What happens when we are caught with our hand in the proverbial cookie jar? Our face turns red, our heads drop, our eyes are cast down and we are silent. So we can easily identify with the disciple’ silence in the face of Jesus’ asking them what they are discussing.
Twice in this Gospel the disciples are reduced to silence. First, they are afraid to ask Jesus about his teaching that he must die and rise. Second, they are afraid to tell him that they have been arguing about who among them is the greatest. The first silence indicates a stubborn resistance to accept the demands of what they hear; the second silence indicates that they intuitively understand how far they have strayed from what Jesus is teaching them. The disciples spend the rest of their lives coming to understand what it means to follow Jesus and serve him through the least among us.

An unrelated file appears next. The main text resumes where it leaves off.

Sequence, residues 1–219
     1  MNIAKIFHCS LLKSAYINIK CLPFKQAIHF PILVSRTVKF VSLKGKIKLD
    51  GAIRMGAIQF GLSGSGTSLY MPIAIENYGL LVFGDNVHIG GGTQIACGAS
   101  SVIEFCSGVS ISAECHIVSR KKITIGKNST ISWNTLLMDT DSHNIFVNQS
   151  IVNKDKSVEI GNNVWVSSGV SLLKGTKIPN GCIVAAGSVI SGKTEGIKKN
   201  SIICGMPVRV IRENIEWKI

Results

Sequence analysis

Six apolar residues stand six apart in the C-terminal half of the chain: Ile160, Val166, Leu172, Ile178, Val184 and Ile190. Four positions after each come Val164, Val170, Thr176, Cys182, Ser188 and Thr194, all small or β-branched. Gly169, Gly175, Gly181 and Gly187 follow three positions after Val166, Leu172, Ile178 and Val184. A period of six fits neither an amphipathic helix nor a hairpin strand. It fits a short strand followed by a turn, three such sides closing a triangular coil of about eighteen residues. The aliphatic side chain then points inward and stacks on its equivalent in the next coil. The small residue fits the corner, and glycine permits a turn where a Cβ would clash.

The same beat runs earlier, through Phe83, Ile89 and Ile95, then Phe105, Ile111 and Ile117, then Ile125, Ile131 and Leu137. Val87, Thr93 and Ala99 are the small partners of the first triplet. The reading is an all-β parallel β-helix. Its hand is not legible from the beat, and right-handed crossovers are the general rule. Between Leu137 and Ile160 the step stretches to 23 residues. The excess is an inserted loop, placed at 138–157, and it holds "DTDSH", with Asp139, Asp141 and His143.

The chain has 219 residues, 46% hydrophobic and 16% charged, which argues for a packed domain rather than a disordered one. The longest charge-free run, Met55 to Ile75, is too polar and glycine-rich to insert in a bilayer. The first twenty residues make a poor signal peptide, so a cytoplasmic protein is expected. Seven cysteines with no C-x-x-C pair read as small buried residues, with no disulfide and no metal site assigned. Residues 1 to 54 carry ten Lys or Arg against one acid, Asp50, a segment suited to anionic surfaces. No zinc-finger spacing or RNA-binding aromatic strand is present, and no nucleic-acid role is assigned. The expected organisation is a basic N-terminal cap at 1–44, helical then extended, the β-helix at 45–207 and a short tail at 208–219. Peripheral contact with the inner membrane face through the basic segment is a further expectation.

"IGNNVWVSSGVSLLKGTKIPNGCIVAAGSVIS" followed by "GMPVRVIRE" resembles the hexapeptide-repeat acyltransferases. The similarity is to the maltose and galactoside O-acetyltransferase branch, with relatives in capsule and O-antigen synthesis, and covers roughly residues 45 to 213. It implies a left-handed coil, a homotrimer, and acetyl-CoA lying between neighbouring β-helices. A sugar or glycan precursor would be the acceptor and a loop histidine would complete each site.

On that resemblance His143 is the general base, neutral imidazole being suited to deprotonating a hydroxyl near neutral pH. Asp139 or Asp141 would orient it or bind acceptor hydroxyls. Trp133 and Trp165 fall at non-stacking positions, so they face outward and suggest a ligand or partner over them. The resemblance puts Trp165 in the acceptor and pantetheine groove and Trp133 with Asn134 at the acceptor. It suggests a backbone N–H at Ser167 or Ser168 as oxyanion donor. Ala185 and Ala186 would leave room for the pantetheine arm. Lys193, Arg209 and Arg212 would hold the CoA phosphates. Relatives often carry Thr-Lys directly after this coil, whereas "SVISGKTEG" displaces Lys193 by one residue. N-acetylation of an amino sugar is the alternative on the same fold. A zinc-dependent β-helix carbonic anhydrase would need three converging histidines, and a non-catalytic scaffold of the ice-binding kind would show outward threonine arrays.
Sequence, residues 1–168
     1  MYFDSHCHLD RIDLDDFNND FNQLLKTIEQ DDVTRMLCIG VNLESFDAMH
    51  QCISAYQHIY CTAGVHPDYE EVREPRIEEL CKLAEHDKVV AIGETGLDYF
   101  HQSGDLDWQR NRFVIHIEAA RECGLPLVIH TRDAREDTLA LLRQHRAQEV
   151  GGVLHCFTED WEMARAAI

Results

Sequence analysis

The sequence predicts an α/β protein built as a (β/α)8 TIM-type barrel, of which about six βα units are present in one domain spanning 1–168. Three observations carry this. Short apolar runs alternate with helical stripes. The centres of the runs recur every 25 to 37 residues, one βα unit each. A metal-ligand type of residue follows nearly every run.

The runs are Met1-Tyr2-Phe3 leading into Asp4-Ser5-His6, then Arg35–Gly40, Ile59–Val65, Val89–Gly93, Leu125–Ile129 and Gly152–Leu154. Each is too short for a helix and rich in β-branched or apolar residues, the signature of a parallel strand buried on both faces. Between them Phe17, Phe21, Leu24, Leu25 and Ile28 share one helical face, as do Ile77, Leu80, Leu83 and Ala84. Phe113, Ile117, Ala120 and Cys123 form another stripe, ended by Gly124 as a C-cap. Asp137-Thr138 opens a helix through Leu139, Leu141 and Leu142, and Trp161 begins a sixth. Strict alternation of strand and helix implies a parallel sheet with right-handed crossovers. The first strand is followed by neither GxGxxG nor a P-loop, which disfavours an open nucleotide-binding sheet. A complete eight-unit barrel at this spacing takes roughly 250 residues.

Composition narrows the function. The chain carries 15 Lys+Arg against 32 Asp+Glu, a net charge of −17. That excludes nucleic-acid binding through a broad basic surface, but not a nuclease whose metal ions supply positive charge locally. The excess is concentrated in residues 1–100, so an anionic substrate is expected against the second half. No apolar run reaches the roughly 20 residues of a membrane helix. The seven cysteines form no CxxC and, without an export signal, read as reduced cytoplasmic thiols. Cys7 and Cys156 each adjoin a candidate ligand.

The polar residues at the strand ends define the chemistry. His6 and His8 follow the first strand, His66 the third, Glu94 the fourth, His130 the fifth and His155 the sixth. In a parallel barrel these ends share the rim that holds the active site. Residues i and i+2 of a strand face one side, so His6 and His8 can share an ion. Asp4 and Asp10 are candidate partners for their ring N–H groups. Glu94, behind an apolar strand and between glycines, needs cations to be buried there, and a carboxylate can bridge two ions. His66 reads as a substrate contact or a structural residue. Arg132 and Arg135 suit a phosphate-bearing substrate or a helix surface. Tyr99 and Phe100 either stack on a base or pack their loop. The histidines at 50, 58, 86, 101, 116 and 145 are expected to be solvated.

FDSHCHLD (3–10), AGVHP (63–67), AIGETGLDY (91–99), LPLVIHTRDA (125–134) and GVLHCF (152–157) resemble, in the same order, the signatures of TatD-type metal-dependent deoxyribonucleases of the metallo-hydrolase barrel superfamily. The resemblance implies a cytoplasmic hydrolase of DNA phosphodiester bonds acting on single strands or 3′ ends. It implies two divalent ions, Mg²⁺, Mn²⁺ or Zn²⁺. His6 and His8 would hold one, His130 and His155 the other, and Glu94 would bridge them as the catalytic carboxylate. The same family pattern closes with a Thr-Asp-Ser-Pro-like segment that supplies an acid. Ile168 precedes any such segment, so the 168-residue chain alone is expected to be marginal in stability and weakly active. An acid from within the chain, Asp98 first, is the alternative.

By dying to self and serving the least among us, we rise to new and great life. Dying to self doesn’t simply mean we write a check to our favorite charity or bring non perishables to St Vincent de Paul Society [as good as these gestures may be]. It means surrendering our very selves for others – all others- not just those of our own picking and choosing. It means reaching out to the least among us.

Like the disciples, Jesus gives us the room we need to grow and come to deeper understanding of what it means to be a faithful disciple serving others.


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  1. Interesting blog, and interesting comment, Cathy.

  2. Conversations such as the one described in today’s Gospel are common in family life. Perhaps these examples are familiar: “I should get the first piece of cake because I am the youngest;” “I did the dishes yesterday; someone else should do them today.” How might we respond if Jesus asked about our family arguments? What would Jesus say to us in reply? All of us need the reminder found in today’s Gospel: To be great in God’s Kingdom is to be the servant of all.

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